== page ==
Like lots of young J-School graduates, I have one foot in the traditional journalism world and one foot…somewhere else. One former schoolmate works as a “community manager” at an Internet startup. Another friend is a Web editor/SEO specialist at an online newspaper. Yet another sunlights as “communications director” for a government agency.
As I’ve discussed before, I’m the editor of a lightly-branded media and marketing blog called Sparksheet, which is both an independent-minded industry publication and a strategic corporate property. So I’m always navigating the line between editorial and advertorial, zealously guarding my journalistic independence and integrity while making sure not to embarrass the company or its clients.
Which brings me to this recent blog post by Sally Gethin. A self-proclaimed “old fashioned journalist,” Gethin edits a respected inflight entertainment industry newsletter (yes, such a thing exists). Although I can’t say for certain, the post seems to be a thinly-veiled attack on Sparksheet.
(Note: For some reason she seems to have deleted the post. But here’s another Web lesson for Ms. Gethin: online content is forever. You can find a cached version here– just scroll down a few posts to “When news becomes clutter”).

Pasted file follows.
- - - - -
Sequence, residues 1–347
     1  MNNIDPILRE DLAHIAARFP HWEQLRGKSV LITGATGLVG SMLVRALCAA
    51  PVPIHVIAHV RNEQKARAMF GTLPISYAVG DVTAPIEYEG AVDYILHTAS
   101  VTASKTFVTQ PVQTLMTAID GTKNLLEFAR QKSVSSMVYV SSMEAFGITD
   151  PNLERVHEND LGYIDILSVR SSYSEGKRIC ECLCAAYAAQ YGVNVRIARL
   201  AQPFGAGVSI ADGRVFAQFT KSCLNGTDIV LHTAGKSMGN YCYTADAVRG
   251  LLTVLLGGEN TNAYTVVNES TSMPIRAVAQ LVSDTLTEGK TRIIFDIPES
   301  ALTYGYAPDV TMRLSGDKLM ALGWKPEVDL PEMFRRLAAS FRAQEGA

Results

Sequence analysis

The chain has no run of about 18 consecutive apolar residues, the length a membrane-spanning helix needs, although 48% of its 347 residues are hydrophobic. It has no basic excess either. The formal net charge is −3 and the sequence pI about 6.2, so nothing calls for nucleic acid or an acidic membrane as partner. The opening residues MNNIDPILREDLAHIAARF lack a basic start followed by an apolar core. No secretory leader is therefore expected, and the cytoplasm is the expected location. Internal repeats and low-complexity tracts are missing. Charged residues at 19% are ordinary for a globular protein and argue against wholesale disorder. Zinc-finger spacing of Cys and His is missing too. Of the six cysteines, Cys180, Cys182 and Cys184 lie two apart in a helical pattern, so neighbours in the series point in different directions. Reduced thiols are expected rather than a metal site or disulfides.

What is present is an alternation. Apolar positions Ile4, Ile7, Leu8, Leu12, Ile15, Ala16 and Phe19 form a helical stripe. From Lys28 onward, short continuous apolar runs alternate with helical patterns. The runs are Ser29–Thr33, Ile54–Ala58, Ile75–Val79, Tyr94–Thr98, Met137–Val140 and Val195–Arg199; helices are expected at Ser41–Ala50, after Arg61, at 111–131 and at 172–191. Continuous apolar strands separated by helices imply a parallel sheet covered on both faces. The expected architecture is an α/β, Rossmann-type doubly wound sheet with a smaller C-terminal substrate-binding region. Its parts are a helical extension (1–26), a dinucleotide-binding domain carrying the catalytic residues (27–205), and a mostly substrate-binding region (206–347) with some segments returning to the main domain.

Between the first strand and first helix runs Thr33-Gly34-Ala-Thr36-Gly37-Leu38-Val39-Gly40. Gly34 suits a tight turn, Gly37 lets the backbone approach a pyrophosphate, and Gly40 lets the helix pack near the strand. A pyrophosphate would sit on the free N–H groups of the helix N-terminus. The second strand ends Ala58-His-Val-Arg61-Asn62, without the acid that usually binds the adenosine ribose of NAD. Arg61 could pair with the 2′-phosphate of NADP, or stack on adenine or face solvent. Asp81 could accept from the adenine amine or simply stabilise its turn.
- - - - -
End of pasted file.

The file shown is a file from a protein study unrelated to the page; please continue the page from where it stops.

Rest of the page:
Indeed, most of the post is an inchoate rant. She blames the Internet for killing investigative reporting. She laments that “There is too much online ‘chatter’ going on.” Regarding Twitter, she contends that “just the word itself defames the notion of real debate.” Really?
But the question of whether branded content should be regarded as credible journalism is a legitimate one. So here is my response (originally posted as a comment on her blog):
As a fellow journalism school graduate and someone who works in the branded media space, I couldn’t disagree more.
First, the idea that the Internet and “digital media” are killing investigative journalism is ludicrous. Check out websites like ProPublica, Spot.us and Talking Points Memo, which have picked up the investigative torch dropped by newspapers, magazines and TV stations that are no longer willing or able to invest in proper muckraking.
It’s a shame that so many legacy media outlets are struggling. But “old fashioned journalists” and media executives are far from blameless. Ignoring what happened to the music industry in the face of Napster and iTunes, they failed to grasp the impact digital media would have on their outdated and inefficient business models (low subscription costs, print classifieds, un-targeted ads, etc.). Instead of seeing the Internet as an opportunity, they saw it as a threat, and leaner, keener outlets rose up to fill the void. Continue reading